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Global inflation is starting to cool after aggressive campaigns by central banks to bring high prices under control, a forecast by the Organization for Economic Cooperation and Development (O.E.C.D.) has stated. The economic outlook is also brightening after a turbulent period, with inflation expected to fall to 4.8 percent this year and 3.5 percent in 2025 among O.E.C.D. member countries. The decline in inflation has been attributed to high interest rates, although there is still a risk that inflation may stay higher for longer than expected. Despite this, the economic outlook is becoming more balanced, with the global economy proving resilient and risks to growth and inflation becoming more evenly spread.

The rebound in the global economy is happening at an uneven pace, with geopolitical tensions posing a major risk to growth and inflation, especially if conflicts in the Middle East and attacks in critical shipping zones were to escalate. The O.E.C.D. warned that uncertainty remains, even as inflation is being brought under control. The United States is expected to remain an engine of global growth this year, expanding at a 2.6 percent pace, but cooling to 1.8 percent growth next year as businesses and households adjust to high borrowing costs. Europe, on the other hand, is experiencing a lag in growth due to soaring energy prices and a cost of living crisis, with both the euro currency bloc and Britain facing recessions at the end of 2023.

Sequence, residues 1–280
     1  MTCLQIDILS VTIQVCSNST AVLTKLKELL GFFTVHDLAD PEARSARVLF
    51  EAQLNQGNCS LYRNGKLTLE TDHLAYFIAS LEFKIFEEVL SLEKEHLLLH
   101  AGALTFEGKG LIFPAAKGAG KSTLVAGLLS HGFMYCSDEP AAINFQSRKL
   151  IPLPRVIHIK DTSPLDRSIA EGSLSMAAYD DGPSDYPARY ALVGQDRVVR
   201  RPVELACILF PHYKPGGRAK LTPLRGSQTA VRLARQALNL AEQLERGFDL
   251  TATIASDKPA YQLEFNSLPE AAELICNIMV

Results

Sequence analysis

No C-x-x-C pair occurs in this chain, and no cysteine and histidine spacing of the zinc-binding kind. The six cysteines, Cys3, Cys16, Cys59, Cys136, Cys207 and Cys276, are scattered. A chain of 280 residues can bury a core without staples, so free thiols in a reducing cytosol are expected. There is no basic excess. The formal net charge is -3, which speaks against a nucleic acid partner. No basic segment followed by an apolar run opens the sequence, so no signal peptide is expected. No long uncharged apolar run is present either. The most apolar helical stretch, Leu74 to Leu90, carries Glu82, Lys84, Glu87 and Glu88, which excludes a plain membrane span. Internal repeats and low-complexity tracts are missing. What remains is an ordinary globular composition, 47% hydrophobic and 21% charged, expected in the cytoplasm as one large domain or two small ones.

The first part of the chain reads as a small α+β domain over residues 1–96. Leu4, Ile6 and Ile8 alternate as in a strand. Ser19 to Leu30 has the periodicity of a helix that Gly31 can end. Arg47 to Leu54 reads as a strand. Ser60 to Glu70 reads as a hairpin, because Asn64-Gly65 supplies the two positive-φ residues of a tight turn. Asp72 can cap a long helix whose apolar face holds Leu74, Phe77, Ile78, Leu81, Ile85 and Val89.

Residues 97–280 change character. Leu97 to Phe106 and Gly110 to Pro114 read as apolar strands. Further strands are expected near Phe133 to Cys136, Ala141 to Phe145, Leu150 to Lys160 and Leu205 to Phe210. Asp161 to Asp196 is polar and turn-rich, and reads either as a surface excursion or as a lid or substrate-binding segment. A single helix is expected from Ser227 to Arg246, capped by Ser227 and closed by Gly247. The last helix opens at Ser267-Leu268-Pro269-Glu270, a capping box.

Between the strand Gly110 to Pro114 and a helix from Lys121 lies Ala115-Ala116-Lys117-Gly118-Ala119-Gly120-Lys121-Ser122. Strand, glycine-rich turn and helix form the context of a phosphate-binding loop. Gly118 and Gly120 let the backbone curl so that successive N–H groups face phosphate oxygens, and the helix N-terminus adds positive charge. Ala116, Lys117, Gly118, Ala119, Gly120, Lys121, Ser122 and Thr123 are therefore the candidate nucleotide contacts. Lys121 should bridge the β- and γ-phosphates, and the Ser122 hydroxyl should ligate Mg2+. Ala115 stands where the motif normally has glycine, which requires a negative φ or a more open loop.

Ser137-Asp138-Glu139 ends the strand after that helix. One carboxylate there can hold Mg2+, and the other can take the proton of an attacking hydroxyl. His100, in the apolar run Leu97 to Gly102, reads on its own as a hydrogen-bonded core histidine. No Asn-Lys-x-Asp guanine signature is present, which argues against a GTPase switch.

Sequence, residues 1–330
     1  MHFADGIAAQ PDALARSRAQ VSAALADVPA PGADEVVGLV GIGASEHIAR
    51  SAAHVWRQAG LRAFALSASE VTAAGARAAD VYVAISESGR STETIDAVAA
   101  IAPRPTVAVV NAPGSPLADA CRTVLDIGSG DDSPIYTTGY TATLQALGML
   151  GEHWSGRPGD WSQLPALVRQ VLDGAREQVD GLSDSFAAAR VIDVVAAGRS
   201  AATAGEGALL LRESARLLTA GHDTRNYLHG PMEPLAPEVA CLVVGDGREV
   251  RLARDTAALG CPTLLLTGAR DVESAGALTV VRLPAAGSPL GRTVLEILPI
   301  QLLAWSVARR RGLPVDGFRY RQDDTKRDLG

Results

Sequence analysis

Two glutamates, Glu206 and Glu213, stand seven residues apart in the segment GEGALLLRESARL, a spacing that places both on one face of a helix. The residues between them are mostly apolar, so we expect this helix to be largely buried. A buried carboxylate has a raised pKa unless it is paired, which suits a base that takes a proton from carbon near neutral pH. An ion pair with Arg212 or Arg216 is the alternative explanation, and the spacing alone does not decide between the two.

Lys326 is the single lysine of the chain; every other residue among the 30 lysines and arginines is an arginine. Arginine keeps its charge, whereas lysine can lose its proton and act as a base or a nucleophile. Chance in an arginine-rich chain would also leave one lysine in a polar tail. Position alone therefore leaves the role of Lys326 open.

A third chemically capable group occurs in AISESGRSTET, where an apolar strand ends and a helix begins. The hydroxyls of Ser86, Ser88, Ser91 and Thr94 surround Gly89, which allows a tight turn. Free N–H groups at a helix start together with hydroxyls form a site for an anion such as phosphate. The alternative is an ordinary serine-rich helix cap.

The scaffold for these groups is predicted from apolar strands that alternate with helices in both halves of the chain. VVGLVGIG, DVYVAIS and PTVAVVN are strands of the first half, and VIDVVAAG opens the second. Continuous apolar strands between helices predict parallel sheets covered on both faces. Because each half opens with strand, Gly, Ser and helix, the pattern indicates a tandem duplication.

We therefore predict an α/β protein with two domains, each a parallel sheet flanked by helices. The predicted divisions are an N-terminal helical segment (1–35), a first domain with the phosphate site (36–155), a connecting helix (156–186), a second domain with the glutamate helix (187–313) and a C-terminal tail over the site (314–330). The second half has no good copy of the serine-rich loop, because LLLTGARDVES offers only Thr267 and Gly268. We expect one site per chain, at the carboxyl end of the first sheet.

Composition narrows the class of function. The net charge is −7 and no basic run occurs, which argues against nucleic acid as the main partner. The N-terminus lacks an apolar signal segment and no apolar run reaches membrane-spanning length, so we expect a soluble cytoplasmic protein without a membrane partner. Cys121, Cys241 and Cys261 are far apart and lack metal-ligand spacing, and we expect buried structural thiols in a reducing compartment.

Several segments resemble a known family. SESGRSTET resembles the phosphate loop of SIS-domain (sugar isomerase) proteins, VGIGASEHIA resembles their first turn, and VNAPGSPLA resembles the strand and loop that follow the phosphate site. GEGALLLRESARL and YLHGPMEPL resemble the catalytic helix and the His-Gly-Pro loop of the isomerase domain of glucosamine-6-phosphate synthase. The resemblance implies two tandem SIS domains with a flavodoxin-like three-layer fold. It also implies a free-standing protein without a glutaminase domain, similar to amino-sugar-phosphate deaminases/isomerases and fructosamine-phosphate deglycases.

Germany, in particular, has been hit hard by the energy shock, but there is hope for improvement next year as high interest rates come down, leading to increased spending by businesses and households. The O.E.C.D. forecast the eurozone economy to expand at 1.5 percent in 2025, more than double the expected growth rate this year. However, Britain’s growth is expected to remain sluggish at 0.4 percent in 2024 before improving to just 1 percent in 2025 due to high interest rates, making it the weakest economy among the Group of 7 nations. In China, a boom in exports has powered the manufacturing sector, offsetting a slump in the housing market, with the government deploying stimulus spending in response to the crisis.

There are risks on the horizon, with the potential for interest rates in major economies to remain high if inflation does not cool as expected. This could lead to new financial vulnerabilities, especially in emerging countries facing substantial debt in the coming years. The O.E.C.D. urged governments to better manage the worldwide increase in debt, especially in countries facing additional spending pressures from aging populations. Despite the improving economic outlook and decline in inflation, there are challenges ahead that must be navigated to ensure sustained growth and stability in the global economy.

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